- Experiment at Airbnb reveals a more effective way to generate online reviews.
- Holding access to reviews for both the seller and the customer generates an increase in reviews, as well as increases accuracy of reviews.
CATONSVILLE, MD, November 3, 2021 – Online sellers and marketers are quite familiar with reputation systems that seek to understand and shape online reputations, oftentimes in the form of online reviews.
Stay at an Airbnb property, and you’re likely to be asked for feedback about your stay in the form of a review. This helps Airbnb and the host better learn what they did right and what they could improve for future guests. It also helps other consumers make purchase decisions based on the reviews they see.
But if you’re the consumer, you’re not the only one who can give a review. The host may submit a review of the guest. This helps Airbnb track and monitor the behaviors of its own customers, which can help the platform avoid problems with future stays involving the same guest. It can also help the platform create marketing incentives for ‘model’ guests.
A challenge for online marketers is that not all reputation systems work the same way, and the right strategy may depend on the reputation system’s rules. For example, reputation systems differ in who is allowed to review and what information is displayed (e.g., star ratings and text).
A group of researchers sought to evaluate one of the more common reputation system design decisions, which is centered on the timing of when the user can see feedback written about themselves.
The study, to be published in the November issue of the INFORMS journal Marketing Science, “Reciprocity and Unveiling in Two-Sided Reputation Systems: Evidence from an Experiment on Airbnb,” is authored by Andrey Fradkin of Boston University and the MIT Initiative on the Digital Economy; Elena Grewal of Yale University; and David Holtz of the University of California, Berkeley, and the MIT Initiative on the Digital Economy.
“Online reviews provide valuable data to platforms and marketers,” says Fradkin. “But the problem is, for many platforms, reviews are underprovided, leaving both platform and marketer in the dark on what went well and what did not.”
The researchers decided to use a large-scale experiment on Airbnb to study a potential way to reduce the problem of missing and biased reviews.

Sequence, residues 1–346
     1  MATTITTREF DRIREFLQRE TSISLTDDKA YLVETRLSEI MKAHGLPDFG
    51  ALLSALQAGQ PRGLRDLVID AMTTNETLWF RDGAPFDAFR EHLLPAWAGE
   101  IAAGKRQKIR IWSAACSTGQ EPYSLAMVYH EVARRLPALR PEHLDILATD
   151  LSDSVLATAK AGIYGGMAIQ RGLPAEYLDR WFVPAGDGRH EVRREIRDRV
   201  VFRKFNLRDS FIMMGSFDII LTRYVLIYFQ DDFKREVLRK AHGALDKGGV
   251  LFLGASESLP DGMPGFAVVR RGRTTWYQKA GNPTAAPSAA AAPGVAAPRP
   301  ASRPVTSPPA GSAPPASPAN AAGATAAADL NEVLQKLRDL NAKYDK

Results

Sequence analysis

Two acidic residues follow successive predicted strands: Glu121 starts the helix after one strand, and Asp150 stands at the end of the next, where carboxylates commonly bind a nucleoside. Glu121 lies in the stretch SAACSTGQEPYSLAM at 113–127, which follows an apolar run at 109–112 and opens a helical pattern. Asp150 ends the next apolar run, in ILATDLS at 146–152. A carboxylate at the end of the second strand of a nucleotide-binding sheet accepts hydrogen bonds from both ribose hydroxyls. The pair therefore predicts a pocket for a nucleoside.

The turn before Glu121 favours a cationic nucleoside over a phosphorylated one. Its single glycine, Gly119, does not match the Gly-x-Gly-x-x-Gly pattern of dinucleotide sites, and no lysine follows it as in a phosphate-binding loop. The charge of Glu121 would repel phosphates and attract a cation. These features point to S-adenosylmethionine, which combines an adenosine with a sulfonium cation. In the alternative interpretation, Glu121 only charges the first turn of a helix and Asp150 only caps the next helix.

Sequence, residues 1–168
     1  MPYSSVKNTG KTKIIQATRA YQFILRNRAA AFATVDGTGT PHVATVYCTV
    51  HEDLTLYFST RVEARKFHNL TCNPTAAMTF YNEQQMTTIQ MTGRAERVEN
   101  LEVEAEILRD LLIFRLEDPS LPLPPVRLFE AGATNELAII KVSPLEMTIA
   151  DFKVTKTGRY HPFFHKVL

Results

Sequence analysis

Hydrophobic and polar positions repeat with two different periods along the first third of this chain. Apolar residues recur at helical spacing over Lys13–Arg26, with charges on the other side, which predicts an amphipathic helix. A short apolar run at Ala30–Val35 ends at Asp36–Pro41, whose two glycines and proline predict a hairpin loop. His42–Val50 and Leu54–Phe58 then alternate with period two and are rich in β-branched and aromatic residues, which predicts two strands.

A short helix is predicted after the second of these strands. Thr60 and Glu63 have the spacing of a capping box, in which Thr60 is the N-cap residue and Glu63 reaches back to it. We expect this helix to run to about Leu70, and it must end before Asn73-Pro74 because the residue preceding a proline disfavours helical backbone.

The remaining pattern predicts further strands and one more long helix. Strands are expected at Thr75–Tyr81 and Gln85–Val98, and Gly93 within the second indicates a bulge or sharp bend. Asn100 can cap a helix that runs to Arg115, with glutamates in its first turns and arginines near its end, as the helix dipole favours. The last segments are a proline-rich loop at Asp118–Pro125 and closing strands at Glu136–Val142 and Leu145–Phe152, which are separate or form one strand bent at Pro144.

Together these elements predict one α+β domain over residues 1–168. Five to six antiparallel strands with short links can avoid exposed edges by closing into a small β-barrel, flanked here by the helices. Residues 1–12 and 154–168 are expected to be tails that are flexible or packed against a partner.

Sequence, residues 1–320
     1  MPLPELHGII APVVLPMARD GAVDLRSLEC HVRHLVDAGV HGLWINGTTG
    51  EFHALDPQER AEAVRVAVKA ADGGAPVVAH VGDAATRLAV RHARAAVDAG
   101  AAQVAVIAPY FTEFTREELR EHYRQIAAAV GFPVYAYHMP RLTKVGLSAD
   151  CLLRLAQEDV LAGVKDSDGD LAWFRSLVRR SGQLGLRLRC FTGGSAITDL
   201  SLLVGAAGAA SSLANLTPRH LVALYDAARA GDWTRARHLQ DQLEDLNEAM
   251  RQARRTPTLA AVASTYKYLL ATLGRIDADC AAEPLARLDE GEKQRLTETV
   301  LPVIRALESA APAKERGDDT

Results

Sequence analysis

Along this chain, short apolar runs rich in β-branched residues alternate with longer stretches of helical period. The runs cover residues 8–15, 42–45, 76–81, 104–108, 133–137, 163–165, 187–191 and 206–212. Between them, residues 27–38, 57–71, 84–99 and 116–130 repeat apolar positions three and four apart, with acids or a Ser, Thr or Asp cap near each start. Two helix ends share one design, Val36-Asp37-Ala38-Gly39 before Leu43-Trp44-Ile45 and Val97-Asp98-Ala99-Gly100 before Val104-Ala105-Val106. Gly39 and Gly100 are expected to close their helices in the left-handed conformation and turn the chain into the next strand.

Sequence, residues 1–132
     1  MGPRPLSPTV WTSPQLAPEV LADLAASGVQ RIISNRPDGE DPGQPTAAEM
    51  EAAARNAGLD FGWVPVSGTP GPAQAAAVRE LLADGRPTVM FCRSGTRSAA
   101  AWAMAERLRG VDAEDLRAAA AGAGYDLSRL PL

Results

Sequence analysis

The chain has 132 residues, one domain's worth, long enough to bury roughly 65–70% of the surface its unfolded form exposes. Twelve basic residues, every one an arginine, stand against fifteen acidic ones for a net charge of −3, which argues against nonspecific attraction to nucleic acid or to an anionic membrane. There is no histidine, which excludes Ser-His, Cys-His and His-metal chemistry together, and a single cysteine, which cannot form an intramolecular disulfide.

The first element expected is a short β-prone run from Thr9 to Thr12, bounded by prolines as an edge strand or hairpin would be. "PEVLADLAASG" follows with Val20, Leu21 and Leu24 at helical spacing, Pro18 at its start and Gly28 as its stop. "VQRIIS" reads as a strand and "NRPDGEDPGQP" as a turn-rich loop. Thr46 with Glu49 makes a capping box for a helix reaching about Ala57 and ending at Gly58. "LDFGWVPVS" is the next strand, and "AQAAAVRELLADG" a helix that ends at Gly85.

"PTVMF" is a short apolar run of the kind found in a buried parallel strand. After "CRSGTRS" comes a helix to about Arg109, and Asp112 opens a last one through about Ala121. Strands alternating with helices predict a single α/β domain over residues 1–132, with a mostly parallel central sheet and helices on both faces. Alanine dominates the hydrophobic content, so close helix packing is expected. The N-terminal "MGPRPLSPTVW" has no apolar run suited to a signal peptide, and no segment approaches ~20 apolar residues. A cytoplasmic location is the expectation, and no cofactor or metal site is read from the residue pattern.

The treatment in the experiment featured a simultaneous reveal review system where the guest and the host each had the opportunity to review one another before reviews were revealed. In the control group of the study, reviews were revealed to users and to the public immediately after they were submitted.
“The design in the control group left open the possibility that the second reviewer could reciprocate or retaliate against the first review,” says Fradkin. “In the treatment group, this was impossible because first reviews were hidden to the second reviewer.”
“Ultimately, we found that when reviews were hidden until both parties had submitted their reviews there was a shortening of the time to receive reviews and reviews were more likely to be accurate,” Fradkin says. The authors argue that these effects are driven by curiosity and business interest. Users want to see what was written about them right away, and quickly submit their review as a result. Users may also want others on Airbnb to see these reviews.
About INFORMS and Marketing Science
Marketing Science is a premier peer-reviewed scholarly marketing journal focused on research using quantitative approaches to study all aspects of the interface between consumers and firms. It is published by INFORMS, the leading international association for the decision and data sciences. More information is available at www.informs.org or @informs.
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Method of Research
Subject of Research
“Reciprocity and Unveiling in Two-Sided Reputation Systems: Evidence from an Experiment on Airbnb"